Humour appears to develop from aggression caused by male hormones, according to a study published in this week’s Christmas issue of the British Medical Journal…. Makes total sense to me. And if you think I’m kidding, you can stuff it.
This is the finding of a newly published study by Sam Shuster, emeritus professor of dermatology from the Department of Dermatology, Norfolk and Norwich University Hospital, in the U.K.
This study involved measuring responses of subjects categorized by age and sex (and other variables) and showed that individuals with higher levels of testosterone (adult men, as opposed to women or children) had a consistent humorous response to seeing a man drive by on a unicycle than other individuals with less testosterone.
This lead the author to postulate that testosterone is the primary mediating physiological system for humor.
The response to the unexpected and novel stimulus of seeing a unicyclist was surprisingly consistent even to the words and gestures used, and these varied with age, sex, and stage of sexual development. In males the response moved from curiosity in childhood, to physical and verbal aggression in older boys; this became more verbal as the boys matured into men and evolved into the concealed aggression of a repetitive humorous verbal put-down, which was lost with age. In contrast, the female response was praise and concern for safety. These findings suggest that humour develops from aggression in response to male hormones.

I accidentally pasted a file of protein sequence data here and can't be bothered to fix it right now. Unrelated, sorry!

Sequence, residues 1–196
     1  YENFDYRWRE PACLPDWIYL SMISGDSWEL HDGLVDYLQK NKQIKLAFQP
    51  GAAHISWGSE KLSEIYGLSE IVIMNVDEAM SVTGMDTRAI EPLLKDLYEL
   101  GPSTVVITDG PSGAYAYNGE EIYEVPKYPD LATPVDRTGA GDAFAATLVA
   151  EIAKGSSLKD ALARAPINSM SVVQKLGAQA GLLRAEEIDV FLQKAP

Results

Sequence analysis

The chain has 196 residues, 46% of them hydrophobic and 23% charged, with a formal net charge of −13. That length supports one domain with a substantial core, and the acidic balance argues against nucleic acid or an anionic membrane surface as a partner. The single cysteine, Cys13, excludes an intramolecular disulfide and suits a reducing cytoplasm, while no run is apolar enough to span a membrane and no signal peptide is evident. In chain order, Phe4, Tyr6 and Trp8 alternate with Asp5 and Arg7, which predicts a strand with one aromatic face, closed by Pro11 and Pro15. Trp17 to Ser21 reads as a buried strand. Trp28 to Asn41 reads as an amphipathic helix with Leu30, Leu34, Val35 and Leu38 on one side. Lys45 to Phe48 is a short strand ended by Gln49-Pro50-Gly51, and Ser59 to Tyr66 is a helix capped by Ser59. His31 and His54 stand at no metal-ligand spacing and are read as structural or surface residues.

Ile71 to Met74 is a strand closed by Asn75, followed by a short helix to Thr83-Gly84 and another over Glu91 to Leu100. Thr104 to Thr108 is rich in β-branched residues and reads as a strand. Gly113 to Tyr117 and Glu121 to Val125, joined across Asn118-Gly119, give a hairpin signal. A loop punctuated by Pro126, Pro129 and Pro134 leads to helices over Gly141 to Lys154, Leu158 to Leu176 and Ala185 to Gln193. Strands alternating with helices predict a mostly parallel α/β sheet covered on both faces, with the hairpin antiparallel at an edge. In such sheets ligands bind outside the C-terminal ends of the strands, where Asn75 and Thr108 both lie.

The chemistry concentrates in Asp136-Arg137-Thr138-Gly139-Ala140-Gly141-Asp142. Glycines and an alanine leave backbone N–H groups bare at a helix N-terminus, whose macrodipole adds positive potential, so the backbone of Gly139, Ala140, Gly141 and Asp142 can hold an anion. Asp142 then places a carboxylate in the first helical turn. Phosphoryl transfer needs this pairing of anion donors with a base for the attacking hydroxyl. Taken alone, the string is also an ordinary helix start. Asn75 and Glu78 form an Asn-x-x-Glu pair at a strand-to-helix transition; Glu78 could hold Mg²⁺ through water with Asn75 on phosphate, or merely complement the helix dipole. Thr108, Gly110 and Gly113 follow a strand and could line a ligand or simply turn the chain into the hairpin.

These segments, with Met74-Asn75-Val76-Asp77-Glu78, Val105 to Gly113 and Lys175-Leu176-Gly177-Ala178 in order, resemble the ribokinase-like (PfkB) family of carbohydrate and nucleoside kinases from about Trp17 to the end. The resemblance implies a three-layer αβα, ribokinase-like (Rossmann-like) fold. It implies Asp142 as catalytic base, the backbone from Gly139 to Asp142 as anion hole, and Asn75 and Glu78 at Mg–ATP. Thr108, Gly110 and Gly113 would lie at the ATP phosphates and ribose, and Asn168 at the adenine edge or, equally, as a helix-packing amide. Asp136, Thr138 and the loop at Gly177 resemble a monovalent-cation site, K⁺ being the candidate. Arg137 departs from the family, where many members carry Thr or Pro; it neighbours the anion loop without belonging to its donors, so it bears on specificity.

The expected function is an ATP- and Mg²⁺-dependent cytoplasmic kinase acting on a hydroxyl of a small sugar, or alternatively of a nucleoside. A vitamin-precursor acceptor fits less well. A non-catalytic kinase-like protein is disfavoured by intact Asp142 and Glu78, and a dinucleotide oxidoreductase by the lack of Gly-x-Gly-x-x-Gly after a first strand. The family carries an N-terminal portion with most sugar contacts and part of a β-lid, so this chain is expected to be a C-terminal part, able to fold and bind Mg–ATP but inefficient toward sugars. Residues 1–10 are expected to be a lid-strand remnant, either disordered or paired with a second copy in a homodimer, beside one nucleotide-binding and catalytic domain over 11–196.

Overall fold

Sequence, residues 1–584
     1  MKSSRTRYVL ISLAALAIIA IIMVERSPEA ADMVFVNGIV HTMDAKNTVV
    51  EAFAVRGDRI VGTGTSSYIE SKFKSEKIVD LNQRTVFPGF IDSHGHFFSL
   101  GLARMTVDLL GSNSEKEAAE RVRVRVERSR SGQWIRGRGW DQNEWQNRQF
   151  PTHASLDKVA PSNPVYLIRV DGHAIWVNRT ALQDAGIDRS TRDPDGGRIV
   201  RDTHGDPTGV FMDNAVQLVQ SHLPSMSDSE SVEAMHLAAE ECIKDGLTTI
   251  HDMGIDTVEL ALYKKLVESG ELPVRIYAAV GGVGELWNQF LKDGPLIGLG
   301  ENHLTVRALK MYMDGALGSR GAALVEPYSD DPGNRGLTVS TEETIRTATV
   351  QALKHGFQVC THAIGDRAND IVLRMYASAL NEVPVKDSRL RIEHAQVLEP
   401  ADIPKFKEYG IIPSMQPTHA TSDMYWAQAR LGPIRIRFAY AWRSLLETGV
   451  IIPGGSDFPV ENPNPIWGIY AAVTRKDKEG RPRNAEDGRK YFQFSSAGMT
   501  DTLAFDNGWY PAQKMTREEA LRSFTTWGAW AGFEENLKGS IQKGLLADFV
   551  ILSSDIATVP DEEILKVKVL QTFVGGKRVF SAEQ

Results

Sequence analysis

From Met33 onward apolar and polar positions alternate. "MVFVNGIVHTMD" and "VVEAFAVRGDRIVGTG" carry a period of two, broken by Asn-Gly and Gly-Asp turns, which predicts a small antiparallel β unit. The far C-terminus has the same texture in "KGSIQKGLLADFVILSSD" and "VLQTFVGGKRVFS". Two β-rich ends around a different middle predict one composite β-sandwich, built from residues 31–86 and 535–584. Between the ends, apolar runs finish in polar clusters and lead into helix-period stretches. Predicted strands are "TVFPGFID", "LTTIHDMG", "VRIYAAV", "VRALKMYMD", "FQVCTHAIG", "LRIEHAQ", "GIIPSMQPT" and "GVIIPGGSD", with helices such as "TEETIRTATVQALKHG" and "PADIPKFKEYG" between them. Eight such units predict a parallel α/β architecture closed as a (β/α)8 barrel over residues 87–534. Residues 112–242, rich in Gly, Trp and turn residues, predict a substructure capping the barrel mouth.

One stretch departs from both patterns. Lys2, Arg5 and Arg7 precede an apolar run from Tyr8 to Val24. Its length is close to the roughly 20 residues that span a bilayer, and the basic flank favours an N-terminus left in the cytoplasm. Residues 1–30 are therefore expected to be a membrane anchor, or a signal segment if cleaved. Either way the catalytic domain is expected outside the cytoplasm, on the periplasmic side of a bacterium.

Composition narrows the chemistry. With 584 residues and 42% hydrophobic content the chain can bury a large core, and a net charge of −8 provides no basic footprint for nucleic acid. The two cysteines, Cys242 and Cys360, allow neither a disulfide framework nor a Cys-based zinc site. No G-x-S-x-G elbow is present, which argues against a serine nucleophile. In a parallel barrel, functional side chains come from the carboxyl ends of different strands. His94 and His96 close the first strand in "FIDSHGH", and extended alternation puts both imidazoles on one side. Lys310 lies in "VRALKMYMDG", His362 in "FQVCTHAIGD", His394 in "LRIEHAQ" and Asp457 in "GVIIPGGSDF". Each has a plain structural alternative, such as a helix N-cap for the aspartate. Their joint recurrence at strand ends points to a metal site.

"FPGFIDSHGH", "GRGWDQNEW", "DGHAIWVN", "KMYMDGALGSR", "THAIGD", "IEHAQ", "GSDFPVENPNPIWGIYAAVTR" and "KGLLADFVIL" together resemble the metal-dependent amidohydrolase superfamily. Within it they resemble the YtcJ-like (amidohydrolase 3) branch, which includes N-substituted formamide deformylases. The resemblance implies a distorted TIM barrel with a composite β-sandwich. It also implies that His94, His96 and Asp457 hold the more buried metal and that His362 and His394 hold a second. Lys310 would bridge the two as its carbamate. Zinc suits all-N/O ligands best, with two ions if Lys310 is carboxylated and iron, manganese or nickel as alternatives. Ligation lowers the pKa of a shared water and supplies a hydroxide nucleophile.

The most remarkable thing about this study, done entirely with the researcher’s tongue planted firmly in his teeth (see “Methods” section of the original paper) has been taken seriously by several science news outlets and duly reported by them.
The original paper, for your amusement, should you have sufficient testosterone to find anything funny, is here.